Terrorists who travel to war zones or plot to kill multiple people will face a minimum of 14 years behind bars under harsh new sentencing guidelines.
New Justice Secretary Dominic Raab said the new powers would deter 'those who kill and maim in the name of warped and fanatical ideologies'.
It is hoped the move will close a potential loophole that has allowed some terrorist plotters to receive shorter sentences.
New Justice Secretary Dominic Raab said the new powers would deter 'those who kill and maim in the name of warped and fanatical ideologies'
The Sentencing Council will today set out its proposed guidance to judges on how they should apply the new mandatory minimum jail term which became law earlier this year.
The Counter-Terrorism and Sentencing Act 2021 created a new category of 'serious terrorist offences' amid concerns offenders convicted of planning attacks were receiving relatively light jail terms.
It stipulated those who are found guilty under the new category should face a minimum of 14 years' custody - with an extension period to be served on licence of between seven and 25 years - unless there are 'exceptional circumstances'.
In its guidance, the Sentencing Council will say it should apply when a court finds there is 'a significant risk' to the public of 'serious harm occasioned by the commission by the offender of further serious terrorism offences'.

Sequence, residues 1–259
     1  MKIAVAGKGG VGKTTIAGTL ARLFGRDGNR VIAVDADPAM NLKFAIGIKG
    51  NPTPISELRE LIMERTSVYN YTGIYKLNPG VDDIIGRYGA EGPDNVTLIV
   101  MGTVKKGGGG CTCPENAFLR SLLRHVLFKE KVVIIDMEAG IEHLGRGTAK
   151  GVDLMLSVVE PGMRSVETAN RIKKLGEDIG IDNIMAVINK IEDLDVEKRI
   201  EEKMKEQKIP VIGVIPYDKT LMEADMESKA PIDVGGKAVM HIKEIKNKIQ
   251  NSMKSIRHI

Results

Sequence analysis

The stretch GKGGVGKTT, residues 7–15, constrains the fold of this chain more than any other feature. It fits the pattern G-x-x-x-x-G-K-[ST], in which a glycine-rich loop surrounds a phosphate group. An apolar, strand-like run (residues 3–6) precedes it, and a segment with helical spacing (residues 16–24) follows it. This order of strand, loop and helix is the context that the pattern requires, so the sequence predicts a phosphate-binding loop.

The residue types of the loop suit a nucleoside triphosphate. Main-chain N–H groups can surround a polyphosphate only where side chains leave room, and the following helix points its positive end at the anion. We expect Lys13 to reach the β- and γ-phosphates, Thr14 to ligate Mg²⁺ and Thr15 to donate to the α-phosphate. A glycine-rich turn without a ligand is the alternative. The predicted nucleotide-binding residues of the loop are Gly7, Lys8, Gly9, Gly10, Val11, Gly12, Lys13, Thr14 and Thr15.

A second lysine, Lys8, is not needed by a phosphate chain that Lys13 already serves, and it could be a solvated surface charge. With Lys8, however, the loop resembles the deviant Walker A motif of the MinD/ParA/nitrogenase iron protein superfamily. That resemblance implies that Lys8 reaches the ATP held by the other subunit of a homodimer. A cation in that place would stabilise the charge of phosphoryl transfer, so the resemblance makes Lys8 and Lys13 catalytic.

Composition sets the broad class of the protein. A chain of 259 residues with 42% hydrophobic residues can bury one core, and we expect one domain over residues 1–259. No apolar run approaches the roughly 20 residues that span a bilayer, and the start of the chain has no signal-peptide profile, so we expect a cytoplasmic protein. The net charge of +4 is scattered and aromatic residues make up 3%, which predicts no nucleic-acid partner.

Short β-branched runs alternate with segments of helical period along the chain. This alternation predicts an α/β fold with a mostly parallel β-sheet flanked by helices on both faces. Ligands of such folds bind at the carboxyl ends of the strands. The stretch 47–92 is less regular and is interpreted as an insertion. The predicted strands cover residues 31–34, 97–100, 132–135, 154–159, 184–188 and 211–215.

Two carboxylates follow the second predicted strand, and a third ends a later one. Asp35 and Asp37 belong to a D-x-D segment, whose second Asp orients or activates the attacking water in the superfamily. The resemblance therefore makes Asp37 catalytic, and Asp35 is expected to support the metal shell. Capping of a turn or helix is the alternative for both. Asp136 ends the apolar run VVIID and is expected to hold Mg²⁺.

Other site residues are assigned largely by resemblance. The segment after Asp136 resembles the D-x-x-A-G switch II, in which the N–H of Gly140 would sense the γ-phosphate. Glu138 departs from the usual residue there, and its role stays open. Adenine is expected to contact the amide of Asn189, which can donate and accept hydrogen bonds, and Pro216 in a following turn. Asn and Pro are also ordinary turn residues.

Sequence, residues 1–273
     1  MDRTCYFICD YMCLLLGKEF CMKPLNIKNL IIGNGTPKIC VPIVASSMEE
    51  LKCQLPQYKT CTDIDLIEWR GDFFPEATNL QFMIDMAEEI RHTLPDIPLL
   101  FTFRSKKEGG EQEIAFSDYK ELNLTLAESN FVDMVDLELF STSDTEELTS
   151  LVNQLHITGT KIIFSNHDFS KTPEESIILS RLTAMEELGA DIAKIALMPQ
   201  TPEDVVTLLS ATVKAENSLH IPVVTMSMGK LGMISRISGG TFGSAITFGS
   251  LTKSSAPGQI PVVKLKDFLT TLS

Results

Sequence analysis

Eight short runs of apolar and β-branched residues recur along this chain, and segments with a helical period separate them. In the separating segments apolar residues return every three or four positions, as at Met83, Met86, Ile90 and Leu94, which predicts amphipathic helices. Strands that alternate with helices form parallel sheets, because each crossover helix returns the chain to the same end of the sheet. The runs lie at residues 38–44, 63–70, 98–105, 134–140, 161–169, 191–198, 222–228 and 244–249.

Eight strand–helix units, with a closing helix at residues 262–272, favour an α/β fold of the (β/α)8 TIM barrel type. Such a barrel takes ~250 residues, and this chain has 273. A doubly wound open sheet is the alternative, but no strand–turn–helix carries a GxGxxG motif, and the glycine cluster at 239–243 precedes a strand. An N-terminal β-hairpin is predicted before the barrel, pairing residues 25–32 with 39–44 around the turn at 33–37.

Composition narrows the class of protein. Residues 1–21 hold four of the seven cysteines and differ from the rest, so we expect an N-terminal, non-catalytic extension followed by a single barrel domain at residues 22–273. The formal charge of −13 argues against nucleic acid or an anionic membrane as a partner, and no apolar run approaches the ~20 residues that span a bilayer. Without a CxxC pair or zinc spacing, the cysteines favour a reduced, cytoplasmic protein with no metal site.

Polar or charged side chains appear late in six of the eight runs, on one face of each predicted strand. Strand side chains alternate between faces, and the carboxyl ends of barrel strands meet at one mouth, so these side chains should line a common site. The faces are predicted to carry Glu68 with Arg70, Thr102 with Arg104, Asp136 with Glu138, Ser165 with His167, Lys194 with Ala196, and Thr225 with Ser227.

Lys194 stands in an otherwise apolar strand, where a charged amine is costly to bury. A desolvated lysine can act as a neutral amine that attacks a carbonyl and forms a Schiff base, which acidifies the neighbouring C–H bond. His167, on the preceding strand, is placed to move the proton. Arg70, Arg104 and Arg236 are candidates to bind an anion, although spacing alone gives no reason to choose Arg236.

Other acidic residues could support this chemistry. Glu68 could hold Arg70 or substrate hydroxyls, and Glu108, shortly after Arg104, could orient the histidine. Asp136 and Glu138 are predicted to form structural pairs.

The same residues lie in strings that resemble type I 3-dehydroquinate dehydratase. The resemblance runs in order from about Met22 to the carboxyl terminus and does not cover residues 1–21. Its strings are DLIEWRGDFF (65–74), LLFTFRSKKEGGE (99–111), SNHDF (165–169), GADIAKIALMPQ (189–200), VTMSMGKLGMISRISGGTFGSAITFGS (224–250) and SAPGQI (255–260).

It should also cover cases where the offence 'was very likely to result in or contribute to (whether directly or indirectly) the deaths of at least two people' - the so-called 'risk of multiple deaths condition'.
Haider Ahmed, who planned a knife attack similar to the Bridge and Westminster attacks, was jailed for only six years
The proposed guidance will be subject to a consultation which runs to January 11.
Raab said: 'These proposed guidelines will support judges to pass consistent and appropriate sentences in terrorism cases.
'Those who kill and maim in the name of warped and fanatical ideologies will spend longer behind bars, because public protection is our top priority.'
The council's lead member for terrorism offences, Mrs Justice Maura McGowan, said: 'Terrorism offences are serious criminal acts that are constantly evolving, and the law is regularly updated in line with the changing nature of the offences, requiring a new approach to sentencing.
'The council is proposing revisions to existing sentencing guidelines to reflect the new legislation and ensure that the courts have comprehensive and up-to-date guidance for dealing with these extremely serious cases.'
Safaa Boular had her jail sentence reduced to 11 years in 2019 after she was convicted of plotting a terror attack
The Counter-Terrorism and Sentencing Act was drawn up after the 2019 Fishmongers' Hall attack by Usman Khan, who killed two people after being released from prison on licence while serving a sentence for involvement in a plan to set up a terrorist training camp.
The youngest woman to be convicted of plotting a terror attack on British soil had her jail sentence reduced to 11 years in 2019.
Schoolgirl Safaa Boular wanted to become a jihadi bride in Syria, but started plotting an attack in London after the ISIS fighter she planned to marry was killed in an air strike.
The 18-year-old wanted to carry out a grenade and gun attack on the British Museum.
The Court of Appeal later said she was a victim of grooming and lowered her 13-year minimum jail term.
That same year, Haider Ahmed, who planned a knife attack similar to the Bridge and Westminster attacks, was jailed for only six years.
Samata Ullah, a jihadi computer hacker who created a 'one-stop online shop' of information for terrorists from his Cardiff bedroom, was jailed for eight years.